When acquiring images, it is fairly common that more than just the target is ablated and analyzed. For example, maybe you want to be sure that you get the material boundaries or perhaps you are not exactly sure where the boundaries are, so you setup your sequence to cover a broader area. In doing so, a potential problem arises if the material ablated beyond your target is highly variable or orders of magnitude different concentration – making it unsightly and/or difficult to scale such that you can see the detail of your actual target.
In previous versions of iolite 4, you could setup a mask filter with channel criteria to select only the relevant part of the data. Depending on the nature of the sample, figuring out which criteria to use to select the area of interest can be tricky (or impossible). To get around this problem, we have just added (to v4.4.9) the ability to use a polygonal region of interest (ROI) as a clipping filter. Read on to see how!
It is fairly straight-forward. First, you create a polygonal ROI covering the area of the image that you want to remain visible. You can do that by clicking the inspect button in the top right corner to expose the inspection panel. In that panel, you can go to the Region of interest tab and click the Add button. Now you can place a series of vertices for the ROI by clicking on an image and double clicking to complete the polygon. An example is shown below.
Then, you add a Clip image filter and select the ROI you want to use by name. The tools to add a filter are found in the Parameters section of the Setup panel on the left. When you click the Add button in the filters group you should select Clip. Initially, this may clip the entire image (i.e. it will disappear), but do not worry – you can now select the name of the ROI to clip by using the Setup button near the filters list. To continue the example, from above I’ve selected ROI1 created above.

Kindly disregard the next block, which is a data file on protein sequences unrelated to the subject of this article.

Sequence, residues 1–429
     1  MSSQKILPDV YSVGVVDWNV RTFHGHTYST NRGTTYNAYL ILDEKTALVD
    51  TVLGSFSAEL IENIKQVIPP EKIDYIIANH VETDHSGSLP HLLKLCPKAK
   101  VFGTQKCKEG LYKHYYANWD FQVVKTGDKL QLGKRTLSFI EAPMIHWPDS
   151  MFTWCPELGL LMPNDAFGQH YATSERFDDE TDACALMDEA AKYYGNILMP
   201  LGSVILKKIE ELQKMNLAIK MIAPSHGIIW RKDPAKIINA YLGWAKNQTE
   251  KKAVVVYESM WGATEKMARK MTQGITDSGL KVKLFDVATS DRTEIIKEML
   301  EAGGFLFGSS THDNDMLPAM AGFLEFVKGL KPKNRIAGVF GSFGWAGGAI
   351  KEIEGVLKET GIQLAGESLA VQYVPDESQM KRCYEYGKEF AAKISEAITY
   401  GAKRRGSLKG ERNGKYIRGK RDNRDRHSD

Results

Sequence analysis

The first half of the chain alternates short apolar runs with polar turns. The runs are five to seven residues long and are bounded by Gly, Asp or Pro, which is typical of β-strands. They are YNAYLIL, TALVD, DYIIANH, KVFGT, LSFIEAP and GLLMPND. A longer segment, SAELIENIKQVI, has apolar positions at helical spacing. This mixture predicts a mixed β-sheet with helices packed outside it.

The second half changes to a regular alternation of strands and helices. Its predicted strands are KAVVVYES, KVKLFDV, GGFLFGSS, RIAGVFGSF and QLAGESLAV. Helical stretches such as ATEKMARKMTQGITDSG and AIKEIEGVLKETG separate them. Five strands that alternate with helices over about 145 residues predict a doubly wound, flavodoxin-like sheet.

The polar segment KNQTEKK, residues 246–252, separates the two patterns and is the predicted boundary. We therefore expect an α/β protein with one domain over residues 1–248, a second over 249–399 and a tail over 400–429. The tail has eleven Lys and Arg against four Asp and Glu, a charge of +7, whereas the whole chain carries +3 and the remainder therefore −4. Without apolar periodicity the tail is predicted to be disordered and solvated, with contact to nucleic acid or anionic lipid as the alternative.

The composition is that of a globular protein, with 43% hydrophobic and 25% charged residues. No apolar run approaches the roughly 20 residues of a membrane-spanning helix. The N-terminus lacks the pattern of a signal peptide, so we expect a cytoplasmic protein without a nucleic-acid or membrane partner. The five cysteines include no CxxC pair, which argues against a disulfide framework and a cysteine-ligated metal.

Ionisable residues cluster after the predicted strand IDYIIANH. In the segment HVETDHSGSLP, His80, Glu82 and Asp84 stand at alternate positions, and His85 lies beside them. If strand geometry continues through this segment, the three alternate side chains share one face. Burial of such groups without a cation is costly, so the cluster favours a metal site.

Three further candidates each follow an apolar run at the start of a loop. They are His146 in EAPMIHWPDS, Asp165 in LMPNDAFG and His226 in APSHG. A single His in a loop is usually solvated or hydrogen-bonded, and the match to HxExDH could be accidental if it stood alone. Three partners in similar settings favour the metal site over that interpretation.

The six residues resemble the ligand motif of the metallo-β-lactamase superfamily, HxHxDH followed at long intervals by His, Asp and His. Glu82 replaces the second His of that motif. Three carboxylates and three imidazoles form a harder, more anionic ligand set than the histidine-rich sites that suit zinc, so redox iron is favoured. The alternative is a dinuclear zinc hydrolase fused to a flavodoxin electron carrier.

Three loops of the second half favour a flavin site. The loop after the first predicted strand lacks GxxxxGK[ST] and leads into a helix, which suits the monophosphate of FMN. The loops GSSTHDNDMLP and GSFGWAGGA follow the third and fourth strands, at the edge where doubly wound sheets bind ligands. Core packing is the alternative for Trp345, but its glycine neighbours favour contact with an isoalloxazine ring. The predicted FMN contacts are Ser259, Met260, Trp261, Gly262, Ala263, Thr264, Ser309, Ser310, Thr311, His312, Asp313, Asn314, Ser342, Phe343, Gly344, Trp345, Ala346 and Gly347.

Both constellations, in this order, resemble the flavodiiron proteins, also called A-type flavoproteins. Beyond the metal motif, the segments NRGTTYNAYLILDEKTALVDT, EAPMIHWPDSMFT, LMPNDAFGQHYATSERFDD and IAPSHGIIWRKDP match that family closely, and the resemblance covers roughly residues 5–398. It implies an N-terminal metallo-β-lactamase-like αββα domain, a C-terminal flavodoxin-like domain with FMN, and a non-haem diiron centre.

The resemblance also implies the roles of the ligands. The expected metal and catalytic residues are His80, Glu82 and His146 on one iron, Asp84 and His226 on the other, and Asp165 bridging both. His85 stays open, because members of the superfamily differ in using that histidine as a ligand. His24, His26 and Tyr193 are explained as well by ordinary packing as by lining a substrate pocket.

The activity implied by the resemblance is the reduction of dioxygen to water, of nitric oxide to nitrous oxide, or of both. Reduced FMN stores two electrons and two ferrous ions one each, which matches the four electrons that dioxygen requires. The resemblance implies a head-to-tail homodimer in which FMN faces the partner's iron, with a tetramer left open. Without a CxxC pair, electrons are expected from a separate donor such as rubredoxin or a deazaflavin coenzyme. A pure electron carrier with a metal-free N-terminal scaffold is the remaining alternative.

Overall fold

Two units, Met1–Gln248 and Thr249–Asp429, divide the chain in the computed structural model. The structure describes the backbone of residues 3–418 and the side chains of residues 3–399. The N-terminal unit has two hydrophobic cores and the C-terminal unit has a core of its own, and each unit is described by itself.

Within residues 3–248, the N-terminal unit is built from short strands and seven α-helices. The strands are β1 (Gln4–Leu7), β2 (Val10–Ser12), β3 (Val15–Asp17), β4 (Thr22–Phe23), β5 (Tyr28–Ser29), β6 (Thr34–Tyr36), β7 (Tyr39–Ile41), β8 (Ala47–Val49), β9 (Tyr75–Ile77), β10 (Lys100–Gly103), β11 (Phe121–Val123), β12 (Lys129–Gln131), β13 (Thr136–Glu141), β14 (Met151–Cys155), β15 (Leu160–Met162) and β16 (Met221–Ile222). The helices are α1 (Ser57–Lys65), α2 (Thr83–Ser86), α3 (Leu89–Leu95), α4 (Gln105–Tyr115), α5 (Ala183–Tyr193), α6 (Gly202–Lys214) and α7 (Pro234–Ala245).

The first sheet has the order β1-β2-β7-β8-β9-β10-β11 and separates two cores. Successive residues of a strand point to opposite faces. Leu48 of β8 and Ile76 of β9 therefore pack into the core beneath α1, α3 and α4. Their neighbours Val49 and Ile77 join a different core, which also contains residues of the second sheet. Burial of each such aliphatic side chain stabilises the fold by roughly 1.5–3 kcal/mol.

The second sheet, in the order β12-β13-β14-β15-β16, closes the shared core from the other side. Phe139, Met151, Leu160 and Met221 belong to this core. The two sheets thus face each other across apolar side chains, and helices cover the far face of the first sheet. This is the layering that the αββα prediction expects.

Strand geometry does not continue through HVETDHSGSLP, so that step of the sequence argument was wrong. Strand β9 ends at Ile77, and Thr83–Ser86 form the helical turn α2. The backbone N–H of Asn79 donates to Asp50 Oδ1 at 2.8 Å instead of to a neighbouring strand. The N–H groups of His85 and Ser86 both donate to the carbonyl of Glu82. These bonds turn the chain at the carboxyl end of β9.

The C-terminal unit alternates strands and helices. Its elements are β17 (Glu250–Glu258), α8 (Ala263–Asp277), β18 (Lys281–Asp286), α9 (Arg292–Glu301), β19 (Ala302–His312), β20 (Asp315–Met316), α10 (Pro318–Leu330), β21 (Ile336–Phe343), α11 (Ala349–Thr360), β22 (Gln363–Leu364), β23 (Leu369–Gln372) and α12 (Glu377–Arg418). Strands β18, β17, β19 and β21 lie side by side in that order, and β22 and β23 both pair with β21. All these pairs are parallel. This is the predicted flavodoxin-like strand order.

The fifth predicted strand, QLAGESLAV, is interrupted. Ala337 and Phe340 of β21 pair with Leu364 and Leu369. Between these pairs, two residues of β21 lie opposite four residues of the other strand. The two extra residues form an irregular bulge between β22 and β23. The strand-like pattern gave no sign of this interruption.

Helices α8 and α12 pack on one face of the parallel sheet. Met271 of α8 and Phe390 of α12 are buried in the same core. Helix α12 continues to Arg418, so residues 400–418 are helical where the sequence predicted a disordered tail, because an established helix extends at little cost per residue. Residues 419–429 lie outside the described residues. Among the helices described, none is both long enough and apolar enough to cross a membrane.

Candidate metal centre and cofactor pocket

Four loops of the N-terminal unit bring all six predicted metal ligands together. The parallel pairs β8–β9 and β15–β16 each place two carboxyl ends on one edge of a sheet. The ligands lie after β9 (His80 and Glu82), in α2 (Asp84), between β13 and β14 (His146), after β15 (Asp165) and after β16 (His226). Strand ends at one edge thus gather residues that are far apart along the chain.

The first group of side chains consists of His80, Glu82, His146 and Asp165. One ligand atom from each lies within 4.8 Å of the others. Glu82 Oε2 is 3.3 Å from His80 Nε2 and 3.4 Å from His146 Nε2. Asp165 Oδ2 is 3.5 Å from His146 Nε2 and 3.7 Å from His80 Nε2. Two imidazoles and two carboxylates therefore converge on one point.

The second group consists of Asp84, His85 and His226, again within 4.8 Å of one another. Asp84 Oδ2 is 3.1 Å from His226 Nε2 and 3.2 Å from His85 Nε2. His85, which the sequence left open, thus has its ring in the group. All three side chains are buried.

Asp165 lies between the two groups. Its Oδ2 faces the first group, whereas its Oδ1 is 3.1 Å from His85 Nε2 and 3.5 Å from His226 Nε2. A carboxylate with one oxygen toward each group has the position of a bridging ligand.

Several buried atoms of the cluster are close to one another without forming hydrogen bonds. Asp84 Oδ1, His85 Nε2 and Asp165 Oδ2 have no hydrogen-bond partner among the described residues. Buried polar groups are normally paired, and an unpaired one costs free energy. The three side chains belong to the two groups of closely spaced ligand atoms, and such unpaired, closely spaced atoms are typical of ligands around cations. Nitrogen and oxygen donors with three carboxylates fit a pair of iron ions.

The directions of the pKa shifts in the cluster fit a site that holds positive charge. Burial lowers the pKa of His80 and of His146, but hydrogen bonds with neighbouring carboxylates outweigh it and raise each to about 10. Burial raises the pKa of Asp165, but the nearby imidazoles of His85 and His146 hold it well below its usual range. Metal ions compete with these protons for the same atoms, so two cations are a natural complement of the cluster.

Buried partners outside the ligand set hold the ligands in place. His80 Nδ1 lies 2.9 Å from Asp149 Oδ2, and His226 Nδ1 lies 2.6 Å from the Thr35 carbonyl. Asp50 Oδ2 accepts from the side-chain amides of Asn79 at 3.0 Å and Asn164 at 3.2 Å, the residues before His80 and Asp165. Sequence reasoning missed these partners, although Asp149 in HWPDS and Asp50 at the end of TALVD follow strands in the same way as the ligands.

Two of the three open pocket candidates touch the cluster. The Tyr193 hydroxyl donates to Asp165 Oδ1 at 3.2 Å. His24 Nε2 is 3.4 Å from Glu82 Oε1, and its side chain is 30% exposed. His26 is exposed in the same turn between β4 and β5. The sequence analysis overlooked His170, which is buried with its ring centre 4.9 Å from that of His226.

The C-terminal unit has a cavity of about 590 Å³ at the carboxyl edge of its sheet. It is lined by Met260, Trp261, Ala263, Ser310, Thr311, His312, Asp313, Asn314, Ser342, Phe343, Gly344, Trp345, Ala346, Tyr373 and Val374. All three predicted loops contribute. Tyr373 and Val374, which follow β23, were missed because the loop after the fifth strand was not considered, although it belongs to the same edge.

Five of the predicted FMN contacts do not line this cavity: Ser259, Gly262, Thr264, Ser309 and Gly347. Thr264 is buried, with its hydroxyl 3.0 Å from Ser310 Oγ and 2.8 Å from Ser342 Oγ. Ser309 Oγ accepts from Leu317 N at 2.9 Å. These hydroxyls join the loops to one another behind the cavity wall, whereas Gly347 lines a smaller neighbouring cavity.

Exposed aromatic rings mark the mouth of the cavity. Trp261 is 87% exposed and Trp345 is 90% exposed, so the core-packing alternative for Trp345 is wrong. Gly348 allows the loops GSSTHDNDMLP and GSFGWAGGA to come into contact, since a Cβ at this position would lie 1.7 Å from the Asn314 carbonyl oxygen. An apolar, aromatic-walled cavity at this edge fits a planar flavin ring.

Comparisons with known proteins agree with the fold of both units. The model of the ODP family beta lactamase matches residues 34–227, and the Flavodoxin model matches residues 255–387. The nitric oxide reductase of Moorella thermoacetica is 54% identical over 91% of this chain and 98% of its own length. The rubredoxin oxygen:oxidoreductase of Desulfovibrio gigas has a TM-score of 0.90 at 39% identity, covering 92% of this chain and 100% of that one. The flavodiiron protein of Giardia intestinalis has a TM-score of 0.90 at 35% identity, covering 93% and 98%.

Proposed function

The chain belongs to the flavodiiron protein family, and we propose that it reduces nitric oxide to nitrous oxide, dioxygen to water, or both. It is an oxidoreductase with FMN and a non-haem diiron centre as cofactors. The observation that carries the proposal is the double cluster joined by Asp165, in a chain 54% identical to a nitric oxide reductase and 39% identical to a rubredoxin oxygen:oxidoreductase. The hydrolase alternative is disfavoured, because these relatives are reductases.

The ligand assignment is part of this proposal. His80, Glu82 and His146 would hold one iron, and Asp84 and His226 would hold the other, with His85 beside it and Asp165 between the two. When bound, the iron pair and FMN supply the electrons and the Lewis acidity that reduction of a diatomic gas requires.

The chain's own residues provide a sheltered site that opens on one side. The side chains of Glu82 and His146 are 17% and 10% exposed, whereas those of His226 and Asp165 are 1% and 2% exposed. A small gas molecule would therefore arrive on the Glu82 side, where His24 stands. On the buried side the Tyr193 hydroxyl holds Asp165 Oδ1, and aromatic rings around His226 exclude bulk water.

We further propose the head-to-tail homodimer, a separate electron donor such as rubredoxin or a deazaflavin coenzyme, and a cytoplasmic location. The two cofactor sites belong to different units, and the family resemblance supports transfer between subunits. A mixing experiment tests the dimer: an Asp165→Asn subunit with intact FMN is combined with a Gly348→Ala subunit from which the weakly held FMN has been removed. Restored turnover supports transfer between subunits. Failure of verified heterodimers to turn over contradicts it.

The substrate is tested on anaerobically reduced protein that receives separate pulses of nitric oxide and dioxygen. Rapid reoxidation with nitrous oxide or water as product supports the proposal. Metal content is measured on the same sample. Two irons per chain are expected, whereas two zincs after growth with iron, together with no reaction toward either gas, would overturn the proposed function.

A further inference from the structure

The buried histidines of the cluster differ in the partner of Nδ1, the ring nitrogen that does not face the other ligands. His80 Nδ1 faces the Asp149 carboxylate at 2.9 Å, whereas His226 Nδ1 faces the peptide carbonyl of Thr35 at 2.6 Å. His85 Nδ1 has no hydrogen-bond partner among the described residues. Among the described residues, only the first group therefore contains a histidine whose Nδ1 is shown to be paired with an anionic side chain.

Finally, with those steps complete, the images will now only render in the areas covered by the ROI as shown below for the otolith example.
If you are bothered by a large amount of blank space when clipping to a significantly smaller area than was imaged, we’ve also just added the ability to turn a ROI into a selection group (right click on the ROI and select To selection group). If you’re doing cell space imaging, this will have a similar effect as shown below for the otolith. Note in this case that the ROI now occupies the entire area resulting in less blank space.
If you have any questions, comments or suggestions about this Note, you can discuss it here.